Pharmacists to offer prescriptions for these seven conditions without GP sign-off

Pharmacists will soon be able to give out prescription medicines and oral contraception to patients without GPs’ sign-off in a bid to ease the pressure on surgeries.

Under a new blueprint announced by Rishi Sunak, treatments for seven common conditions – including earache, sore throat and urinary tract infections – will be available without seeing a doctor.

The prime minister hopes the measures will help end the “all-too stressful wait” for appointments by freeing up 15 million slots at doctors’ surgeries over the next two years.

Pharmacists themselves would be able to write the prescriptions under the reform that ministers hope will be introduced this winter after a consultation with the industry.

It is hoped that almost half-a-million women would no longer need to speak to a nurse or GP to get oral contraception. The other medications that pharmacies would be able to hand out would treat conditions are sinusitis, infected insect bite, impetigo and shingles.

The number of people able to access blood pressure checks in pharmacies would be more than doubled to 2.5 million a year. Self-referrals will also be increased for access to services such as physiotherapy, hearing tests and podiatry without having to see a GP first.

Mr Sunak announced the measures as he seeks to bounce back from the Tories’ poor performance in last week’s local elections, which saw the party shed 1,061 council seats.

“I know how frustrating it is to be stuck on hold to your GP practice when you or a family member desperately need an appointment for a common illness,” he said, “We will end the 8am rush and expand the services offered by pharmacies.”

But the King’s Fund health think tank warned of the potential for a postcode lottery – saying some pharmacies will not be able to offer the services because they may not have access to diagnostic tools, or sufficient staff and consultation rooms.

Senior fellow Beccy Baird said that “not all pharmacies will be able to offer these services and it will be really frustrating for patients to be bumped from pillar to post, only to end up back at the GP”.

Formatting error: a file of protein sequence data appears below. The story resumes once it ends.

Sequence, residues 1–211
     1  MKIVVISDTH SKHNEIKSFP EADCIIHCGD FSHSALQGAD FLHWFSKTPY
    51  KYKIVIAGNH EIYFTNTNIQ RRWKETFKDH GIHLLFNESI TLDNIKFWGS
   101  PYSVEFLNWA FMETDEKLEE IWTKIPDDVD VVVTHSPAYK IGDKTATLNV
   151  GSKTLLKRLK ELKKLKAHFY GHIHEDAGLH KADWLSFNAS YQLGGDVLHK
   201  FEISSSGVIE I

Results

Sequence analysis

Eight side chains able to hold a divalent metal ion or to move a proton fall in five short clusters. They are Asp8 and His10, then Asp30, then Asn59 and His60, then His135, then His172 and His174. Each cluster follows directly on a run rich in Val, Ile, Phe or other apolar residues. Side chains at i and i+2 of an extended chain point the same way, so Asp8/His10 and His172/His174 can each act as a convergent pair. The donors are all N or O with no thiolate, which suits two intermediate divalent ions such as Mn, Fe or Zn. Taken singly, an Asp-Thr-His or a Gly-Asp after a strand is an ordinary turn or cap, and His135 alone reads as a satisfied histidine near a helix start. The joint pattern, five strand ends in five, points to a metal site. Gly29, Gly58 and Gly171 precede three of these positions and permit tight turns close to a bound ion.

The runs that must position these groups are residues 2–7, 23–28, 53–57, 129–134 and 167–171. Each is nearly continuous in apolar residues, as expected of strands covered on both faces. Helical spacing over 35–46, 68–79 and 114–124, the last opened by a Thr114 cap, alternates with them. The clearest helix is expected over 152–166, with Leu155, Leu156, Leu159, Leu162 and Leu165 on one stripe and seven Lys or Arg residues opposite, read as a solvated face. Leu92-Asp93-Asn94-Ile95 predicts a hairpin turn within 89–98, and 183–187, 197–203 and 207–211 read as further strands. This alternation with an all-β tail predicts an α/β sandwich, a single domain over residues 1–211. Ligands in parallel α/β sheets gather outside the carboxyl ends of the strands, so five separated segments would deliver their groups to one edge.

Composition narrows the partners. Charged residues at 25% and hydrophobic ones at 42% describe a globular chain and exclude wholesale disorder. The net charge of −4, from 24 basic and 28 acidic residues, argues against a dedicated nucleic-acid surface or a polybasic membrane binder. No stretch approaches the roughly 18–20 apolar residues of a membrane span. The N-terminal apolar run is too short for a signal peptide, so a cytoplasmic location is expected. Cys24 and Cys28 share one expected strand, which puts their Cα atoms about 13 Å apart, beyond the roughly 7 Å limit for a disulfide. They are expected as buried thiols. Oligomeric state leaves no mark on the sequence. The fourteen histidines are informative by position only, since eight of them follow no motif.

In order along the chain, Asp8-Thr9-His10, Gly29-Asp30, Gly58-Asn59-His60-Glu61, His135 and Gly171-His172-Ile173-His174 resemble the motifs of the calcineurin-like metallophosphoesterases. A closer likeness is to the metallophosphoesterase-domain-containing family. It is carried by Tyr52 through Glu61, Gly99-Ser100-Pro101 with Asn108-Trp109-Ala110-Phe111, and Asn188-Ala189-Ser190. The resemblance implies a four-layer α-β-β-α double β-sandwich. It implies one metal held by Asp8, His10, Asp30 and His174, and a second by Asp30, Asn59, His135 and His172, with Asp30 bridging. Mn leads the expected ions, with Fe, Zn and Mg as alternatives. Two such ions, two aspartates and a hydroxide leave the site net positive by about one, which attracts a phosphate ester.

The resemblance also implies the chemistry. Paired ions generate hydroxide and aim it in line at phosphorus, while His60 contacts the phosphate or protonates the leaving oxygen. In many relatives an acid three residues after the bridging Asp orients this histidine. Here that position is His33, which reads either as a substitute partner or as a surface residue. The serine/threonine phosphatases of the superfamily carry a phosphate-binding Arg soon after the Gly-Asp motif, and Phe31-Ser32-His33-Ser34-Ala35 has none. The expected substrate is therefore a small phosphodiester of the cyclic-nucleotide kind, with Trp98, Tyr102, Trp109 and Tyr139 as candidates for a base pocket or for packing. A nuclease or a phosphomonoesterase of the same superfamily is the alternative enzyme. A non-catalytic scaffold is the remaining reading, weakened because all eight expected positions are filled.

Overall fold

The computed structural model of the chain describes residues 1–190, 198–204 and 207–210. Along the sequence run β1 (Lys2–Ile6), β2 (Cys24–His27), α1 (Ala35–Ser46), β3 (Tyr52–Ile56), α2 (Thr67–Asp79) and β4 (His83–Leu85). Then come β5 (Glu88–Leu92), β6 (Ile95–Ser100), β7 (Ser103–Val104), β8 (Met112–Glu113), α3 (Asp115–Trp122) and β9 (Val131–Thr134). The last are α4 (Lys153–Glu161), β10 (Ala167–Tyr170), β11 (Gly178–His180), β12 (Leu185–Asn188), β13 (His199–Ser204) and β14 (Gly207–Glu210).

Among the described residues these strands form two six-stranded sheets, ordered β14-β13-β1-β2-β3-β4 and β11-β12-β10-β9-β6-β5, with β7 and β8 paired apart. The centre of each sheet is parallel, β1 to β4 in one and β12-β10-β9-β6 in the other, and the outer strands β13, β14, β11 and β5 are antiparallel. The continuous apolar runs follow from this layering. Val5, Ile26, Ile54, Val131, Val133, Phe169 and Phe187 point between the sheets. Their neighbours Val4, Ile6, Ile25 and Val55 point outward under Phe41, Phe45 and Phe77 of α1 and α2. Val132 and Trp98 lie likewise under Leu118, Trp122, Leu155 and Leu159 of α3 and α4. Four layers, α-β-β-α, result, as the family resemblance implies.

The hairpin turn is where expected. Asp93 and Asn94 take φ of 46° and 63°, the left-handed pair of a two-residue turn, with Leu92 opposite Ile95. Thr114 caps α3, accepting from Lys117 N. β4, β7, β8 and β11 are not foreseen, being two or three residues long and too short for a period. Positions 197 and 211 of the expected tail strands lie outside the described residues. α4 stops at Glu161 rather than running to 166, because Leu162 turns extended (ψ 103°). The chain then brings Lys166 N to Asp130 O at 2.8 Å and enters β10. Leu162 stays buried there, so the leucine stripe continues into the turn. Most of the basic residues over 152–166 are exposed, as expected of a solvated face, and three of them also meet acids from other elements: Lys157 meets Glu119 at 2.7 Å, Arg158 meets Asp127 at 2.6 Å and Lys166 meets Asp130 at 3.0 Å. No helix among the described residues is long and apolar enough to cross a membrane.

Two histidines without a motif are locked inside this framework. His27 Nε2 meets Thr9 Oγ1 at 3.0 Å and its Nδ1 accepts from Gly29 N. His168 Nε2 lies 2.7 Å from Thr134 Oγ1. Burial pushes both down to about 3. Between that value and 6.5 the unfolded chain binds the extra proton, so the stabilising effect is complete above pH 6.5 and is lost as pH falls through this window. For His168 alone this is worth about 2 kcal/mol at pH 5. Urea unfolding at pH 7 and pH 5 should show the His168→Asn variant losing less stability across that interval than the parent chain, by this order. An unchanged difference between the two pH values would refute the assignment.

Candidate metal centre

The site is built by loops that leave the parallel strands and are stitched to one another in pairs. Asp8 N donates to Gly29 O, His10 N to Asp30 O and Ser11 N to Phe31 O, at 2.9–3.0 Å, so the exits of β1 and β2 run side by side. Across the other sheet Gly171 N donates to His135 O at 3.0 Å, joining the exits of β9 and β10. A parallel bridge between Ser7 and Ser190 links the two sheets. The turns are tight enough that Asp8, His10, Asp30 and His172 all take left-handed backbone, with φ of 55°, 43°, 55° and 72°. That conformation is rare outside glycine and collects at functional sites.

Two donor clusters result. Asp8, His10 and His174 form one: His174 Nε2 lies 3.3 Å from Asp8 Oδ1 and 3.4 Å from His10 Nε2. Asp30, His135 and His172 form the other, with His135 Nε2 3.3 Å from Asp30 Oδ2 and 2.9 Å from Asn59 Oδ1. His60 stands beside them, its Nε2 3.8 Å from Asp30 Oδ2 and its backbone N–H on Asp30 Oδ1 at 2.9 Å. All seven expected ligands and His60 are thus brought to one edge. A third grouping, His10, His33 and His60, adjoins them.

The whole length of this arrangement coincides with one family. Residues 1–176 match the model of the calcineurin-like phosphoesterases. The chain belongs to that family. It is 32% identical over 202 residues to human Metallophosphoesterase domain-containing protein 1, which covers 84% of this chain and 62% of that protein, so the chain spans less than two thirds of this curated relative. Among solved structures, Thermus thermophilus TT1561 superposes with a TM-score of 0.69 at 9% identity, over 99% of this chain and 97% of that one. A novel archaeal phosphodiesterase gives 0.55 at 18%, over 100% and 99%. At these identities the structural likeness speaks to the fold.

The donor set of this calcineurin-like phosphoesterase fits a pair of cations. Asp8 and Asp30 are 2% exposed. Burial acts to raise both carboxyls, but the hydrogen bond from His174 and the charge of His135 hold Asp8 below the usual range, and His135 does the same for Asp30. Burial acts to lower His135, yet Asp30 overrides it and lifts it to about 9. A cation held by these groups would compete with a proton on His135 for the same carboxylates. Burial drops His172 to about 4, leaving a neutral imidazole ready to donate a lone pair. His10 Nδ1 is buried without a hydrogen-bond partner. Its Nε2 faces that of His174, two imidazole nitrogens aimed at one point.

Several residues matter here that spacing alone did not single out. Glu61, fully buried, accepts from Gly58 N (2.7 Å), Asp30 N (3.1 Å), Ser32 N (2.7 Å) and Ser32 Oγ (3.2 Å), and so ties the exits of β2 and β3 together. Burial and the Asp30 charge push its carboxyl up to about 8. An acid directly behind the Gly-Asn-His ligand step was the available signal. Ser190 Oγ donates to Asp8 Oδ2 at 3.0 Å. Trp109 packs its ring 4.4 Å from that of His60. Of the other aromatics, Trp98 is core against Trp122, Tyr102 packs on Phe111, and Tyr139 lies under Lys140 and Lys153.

Labour’s shadow health secretary Wes Streeting dismissed the plan as “merely tinkering at edges”, saying: “Expecting the Conservatives to fix this is like expecting an arsonist to put out the fire they started.

Mr Streeting added: “Rishi Sunak is completely out of touch with the problems facing patients and the NHS. He has no plan to address the shortage of GPs, or to reverse the cut in the number of doctors trained every year.”

Mr Sunak has said he is registered with an NHS GP after acknowledging using private healthcare in the past. His family used to run a pharmacy in Southampton.

He outlined the plans as industry groups warned more pharmacies will close unless ministers provide more funding to the “struggling” sector.

Professor Sir Stephen Powis, national medical director for NHS England, told BBC Radio 4’s Today programme the new pharmacy scheme would help “take the pressure off” GPs.

But Sir Stephen said he hoped the much-anticipated workforce plan for the NHS in England would be published before the parliamentary recess. “It is a really important plan because, of course, our workforce are key to our health system.”

The latest proposals, backed by £645m of spending over two years, come on top of measures to make it easier to get GP appointments with online booking tools.

NHS chief executive Amanda Pritchard said the “ambitious package” will help transform how care is provided within the health service. Thorrun Govind, the chairwoman of the Royal Pharmaceutical Society in England, said the plans are a “real game-changer” for patients.

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